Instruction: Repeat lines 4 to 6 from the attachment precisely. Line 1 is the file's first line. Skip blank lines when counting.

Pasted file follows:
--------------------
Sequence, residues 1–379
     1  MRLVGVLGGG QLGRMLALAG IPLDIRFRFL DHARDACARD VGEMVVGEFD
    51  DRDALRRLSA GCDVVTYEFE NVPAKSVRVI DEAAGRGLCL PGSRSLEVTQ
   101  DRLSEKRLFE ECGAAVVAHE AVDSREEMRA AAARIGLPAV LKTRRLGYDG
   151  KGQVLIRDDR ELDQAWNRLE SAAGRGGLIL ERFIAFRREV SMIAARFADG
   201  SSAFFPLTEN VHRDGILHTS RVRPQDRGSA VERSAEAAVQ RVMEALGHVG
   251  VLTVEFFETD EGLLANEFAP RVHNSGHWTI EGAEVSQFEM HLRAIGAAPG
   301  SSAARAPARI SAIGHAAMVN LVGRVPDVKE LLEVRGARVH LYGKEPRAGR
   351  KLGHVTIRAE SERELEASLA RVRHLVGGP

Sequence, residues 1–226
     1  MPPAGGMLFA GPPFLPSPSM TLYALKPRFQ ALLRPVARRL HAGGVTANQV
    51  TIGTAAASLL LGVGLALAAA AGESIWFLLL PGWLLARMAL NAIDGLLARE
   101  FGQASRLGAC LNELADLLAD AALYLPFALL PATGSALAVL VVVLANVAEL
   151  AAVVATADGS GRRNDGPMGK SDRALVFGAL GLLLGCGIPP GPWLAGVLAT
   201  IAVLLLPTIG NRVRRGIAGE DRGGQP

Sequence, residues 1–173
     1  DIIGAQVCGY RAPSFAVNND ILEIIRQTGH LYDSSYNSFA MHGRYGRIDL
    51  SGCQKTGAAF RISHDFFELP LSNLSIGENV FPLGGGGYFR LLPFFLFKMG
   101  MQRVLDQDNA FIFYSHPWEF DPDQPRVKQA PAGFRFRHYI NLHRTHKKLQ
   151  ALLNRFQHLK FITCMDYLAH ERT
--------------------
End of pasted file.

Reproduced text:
   101  DRLSEKRLFE ECGAAVVAHE AVDSREEMRA AAARIGLPAV LKTRRLGYDG
   151  KGQVLIRDDR ELDQAWNRLE SAAGRGGLIL ERFIAFRREV SMIAARFADG
   201  SSAFFPLTEN VHRDGILHTS RVRPQDRGSA VERSAEAAVQ RVMEALGHVG